The Poem

(Critical Guide to Poetry for Students)

“Woman at Lit Window” is a reflective inquiry in which poet Eamon Grennan considers the possibilities of accurately rendering the details and nuances of a woman he is observing from outside her window while assessing the factors that make it impossible for him to ever quite capture the full dimensions of his vision. The poem consists of three stanzas of roughly equal length (ten, eleven, and twelve lines) divided by a partition of blank space but joined by the continuation of a statement after the line break. Its mood of quiet reflection is established by the contemplative tone that the poet employs in the first line—“Perhaps if she stood for an hour like that”—which creates a feeling of extended time and suspended motion. However, in an almost immediate introduction of opposing impulses, the poet mentions that he would also have to “stand in the dark/ just looking” at the woman, something he doubts he could “stand” to do. The lure of precision carries his thoughts toward a contemplation of the possible components of his verbal portrait, details of such exquisite precision (“etch/ of the neck in profile, the white/ and violet shell of the ear”) that he is held in a kind of rapture of meditation before he considers how his subject might react if she became aware of his presence.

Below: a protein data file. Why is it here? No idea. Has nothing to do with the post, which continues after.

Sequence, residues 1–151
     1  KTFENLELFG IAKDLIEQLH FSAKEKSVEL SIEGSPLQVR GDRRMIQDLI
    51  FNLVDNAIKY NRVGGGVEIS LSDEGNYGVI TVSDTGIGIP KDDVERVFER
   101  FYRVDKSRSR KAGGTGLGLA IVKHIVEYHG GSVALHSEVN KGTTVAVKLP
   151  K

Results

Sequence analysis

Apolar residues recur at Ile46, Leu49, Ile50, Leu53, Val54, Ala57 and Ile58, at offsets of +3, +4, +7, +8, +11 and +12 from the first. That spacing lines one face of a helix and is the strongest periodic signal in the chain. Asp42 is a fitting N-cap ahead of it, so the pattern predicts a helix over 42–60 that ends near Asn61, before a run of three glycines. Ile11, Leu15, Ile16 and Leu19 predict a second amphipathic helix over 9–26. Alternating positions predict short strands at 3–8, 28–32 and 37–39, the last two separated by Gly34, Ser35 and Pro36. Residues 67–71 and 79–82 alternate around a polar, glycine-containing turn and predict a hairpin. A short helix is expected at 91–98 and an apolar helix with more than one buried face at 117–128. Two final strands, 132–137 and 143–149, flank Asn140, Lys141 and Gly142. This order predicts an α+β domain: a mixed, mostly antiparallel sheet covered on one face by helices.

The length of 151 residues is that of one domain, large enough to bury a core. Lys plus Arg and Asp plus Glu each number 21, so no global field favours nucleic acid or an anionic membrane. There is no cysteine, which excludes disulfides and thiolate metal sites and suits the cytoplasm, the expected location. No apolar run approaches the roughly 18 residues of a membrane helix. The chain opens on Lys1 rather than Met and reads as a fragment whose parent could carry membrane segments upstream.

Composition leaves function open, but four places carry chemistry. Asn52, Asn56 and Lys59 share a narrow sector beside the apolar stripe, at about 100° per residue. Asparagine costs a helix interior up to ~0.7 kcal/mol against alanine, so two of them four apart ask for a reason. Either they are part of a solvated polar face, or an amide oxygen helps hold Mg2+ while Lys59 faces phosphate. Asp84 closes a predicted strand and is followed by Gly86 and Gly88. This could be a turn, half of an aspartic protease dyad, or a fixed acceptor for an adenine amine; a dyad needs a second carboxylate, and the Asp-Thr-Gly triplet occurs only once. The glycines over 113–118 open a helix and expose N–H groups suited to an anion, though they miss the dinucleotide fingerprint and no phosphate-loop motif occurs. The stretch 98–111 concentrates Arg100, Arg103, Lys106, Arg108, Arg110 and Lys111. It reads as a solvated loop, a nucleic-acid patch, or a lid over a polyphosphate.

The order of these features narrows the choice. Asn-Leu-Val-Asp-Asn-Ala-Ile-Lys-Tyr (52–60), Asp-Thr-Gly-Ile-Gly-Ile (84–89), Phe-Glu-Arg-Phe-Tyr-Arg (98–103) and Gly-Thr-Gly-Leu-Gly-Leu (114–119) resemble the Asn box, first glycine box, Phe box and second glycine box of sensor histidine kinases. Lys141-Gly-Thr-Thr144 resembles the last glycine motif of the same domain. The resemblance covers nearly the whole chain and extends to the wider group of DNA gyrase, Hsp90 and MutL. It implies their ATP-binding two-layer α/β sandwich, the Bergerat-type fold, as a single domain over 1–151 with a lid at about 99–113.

Although he knows that he is invisible to the woman’s gaze, his curiosity about what he would do “if she starts/ on that stage of light/ taking her...

(The entire section is 586 words.)

Woman at Lit Window Forms and Devices

(Critical Guide to Poetry for Students)

In “Woman at Lit Window,” Grennan moves between moments of reflection and contemplation, in which he considers the possibilities of capturing the essence of the striking image he is observing, and moments of lyric effusion, in which he is reacting directly to and then is almost consumed by the transformative power of the image itself. The poem is structured by the modulation of moods, beginning in a mood of meditation and concluding in an ethos of ecstasy, and is controlled by the alteration, juxtaposition, and intermixture of images of luminescence and darkness. The pattern of imagery is set at the start, with the poet “in the dark” and the woman in the window on “a stage of light.” The woman then moves out of the spotlight, leaving “a blank ivory square”—that is, illumination without definition. This is a pivotal point in the poem, a moment of pause and a turn away from the poet’s contemplation of the woman and toward a sense of himself as an illuminated object. The light that lingers flows beyond the “stage,” less intense but equally captivating, a natural light issuing from the moon and from the pinpoint flashes of fireflies.

The psychological mood of the poet corresponds to the changing light, and Grennan expresses these changes by controlling the tone of the poem, beginning with a meditative, tentative utterance and finishing with a flourish of lyric exuberance but mixing both the lyric mode and the more reflective,...

(The entire section is 542 words.)